Satellite and digital broadcasting rights are up for renewal later this month and will be keenly watched. The renewed deal is anticipated to be significantly higher than the one signed by Sony nine years ago.
Sony’s ad revenues crossed Rs 1,300 crore this year, while Hotstar’s ad revenues from IPL rose to Rs 120 crore, more than double the previous year. Television viewership also ascended to new heights, with nearly 45 per cent of viewership coming from rural India, evidence of the reach and pull of the IPL.
“While the league is going strong in terms of the advertiser response and sponsorships too, not all franchises are able to do that. So, they all have to individually evaluate and re-strategize themselves,” said Gupta.
Also, in the case of the title sponsorship bidding for IPL, the mobile handset category just dominated the whole game. Why and when will the other categories take that leap? Gupta explained the reason for the aggressiveness within the category, “That one handset category is growing very fast in India. After e-commerce, this is the fastest growing thing. Going forward, there might be another category of advertisers which gets developed and sees scope in investing so much in the marketing. Mobile phones are penetrating rapidly in the country.”
Santosh added, “Also, mobile phones are consistent purchase. The lifecycle of a smartphone is about 18-24 months, in most cases. So, repeat purchases are on a higher side.”
“The new broadcasting rights auction will be one of the keenly watched developments over the next couple of months. The BCCI is clearly set for a huge windfall. We could be looking at a television broadcasting deal of record proportions in India. This deal may follow the precedent set by some of the big-ticket broadcasting deals across the world,” said Santosh.
Digital content is becoming a very strong medium of social media engagement for the sports viewers. The following statistics from the report reveal the growing significance of content in today’s sports context:
The number of tweets pertaining to the IPL has crossed 8.5 million and continues to grow.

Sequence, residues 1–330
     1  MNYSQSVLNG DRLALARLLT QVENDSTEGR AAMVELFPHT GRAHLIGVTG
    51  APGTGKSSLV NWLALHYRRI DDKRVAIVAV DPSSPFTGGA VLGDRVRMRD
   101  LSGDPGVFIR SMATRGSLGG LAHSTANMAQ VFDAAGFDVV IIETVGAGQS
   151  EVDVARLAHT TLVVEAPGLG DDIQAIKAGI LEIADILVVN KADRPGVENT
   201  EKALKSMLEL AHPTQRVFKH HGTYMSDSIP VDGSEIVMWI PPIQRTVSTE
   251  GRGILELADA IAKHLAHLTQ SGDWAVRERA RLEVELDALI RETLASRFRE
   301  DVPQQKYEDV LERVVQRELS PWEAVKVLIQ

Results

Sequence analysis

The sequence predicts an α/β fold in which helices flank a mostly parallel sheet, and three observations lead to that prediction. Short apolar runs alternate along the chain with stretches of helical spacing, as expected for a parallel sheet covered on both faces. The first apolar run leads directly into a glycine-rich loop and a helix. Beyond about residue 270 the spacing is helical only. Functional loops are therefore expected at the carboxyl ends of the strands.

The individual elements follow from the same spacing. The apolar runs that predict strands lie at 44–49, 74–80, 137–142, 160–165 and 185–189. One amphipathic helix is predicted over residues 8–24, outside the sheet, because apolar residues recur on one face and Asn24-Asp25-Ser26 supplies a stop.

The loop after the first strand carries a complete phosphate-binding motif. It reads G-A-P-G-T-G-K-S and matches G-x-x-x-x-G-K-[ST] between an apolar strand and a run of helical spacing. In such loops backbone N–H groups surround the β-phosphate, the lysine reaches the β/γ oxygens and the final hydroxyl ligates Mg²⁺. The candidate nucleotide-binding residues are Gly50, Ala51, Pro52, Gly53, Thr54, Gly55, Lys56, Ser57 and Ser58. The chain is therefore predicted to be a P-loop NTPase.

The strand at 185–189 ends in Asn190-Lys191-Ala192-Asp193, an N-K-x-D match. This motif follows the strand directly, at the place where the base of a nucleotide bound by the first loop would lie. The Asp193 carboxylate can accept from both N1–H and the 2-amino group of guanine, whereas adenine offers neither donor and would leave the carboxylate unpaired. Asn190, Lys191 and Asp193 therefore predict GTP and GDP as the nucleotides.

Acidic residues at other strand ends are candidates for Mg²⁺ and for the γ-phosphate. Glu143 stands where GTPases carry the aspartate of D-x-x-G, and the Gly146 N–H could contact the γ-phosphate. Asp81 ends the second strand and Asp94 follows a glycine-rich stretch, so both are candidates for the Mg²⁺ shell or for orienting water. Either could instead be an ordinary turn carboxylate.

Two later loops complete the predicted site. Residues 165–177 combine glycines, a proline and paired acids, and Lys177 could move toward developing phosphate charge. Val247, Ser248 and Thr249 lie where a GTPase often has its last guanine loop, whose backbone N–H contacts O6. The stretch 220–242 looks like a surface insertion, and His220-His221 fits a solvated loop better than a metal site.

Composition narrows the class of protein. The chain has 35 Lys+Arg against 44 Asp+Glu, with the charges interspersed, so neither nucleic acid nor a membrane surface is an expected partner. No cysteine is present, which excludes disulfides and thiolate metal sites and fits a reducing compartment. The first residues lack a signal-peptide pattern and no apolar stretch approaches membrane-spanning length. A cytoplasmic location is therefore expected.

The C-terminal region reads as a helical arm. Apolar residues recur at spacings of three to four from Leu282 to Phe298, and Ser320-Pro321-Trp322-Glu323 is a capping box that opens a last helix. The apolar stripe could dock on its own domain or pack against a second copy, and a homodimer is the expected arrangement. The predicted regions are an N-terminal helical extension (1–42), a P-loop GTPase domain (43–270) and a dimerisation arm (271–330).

As per Maxus, a total of approximately 6 million mentions on social media were registered in the 10th season, more than twice those of the last season (approximately 3.1 million mentions).
Mumbai Indians had an incredibly successful digital media strategy, attracting over 83 million engagements across Facebook (50 million), Instagram (29 million) and Twitter (3.95 million).
Trevor Birch, Managing Director at Duff & Phelps and Former CEO of Chelsea Football Club, said, “I’ve been intrigued to watch how the IPL has marketed and protected its own brand value separate from the clubs. Having worked with some of the biggest clubs in the English Premier League (EPL), the one thing the IPL has done very well is the marketing and protecting of its own brand. Most of the EPL clubs are bigger brands than the EPL brand itself, whereas in the IPL, it seems to be Brand IPL which is more powerful than the individual franchisees.”
Even the merchandising leg of the business has not been exploited well, since the franchises are still sealing deals till much later in the tournament. Gupta felt that it is an important stream, adding, “Merchandising has massive potential, though right now, it is a very minor percentage of the cricket viewing population. There are franchisee led hashtags and events, in addition to the BCCI fan-parks which has resulted in the engagement and interaction. Merchandising is challenging but there is huge scope.”